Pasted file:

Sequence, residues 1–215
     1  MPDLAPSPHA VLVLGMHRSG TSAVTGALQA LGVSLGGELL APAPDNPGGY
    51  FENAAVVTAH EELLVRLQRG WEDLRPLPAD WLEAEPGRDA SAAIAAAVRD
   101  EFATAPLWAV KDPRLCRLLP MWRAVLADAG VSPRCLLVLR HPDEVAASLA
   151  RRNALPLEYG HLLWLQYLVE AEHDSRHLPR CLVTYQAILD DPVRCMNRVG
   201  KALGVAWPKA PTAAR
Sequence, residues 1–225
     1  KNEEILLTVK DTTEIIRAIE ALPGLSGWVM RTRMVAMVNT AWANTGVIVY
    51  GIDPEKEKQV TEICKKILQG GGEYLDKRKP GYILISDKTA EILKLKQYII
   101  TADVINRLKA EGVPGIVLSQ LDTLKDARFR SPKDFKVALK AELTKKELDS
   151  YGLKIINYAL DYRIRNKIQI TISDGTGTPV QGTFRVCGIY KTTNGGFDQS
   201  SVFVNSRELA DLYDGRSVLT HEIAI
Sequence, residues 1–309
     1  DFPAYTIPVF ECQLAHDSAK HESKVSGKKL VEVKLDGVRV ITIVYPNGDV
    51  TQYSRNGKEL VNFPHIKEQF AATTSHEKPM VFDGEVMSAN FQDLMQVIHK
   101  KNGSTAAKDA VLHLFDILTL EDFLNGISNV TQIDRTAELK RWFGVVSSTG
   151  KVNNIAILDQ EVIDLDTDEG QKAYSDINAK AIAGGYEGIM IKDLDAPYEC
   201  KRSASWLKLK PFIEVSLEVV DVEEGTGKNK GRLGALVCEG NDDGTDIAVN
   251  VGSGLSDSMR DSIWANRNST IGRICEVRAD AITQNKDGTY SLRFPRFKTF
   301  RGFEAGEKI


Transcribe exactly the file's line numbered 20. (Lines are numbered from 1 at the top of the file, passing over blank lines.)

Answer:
   301  RGFEAGEKI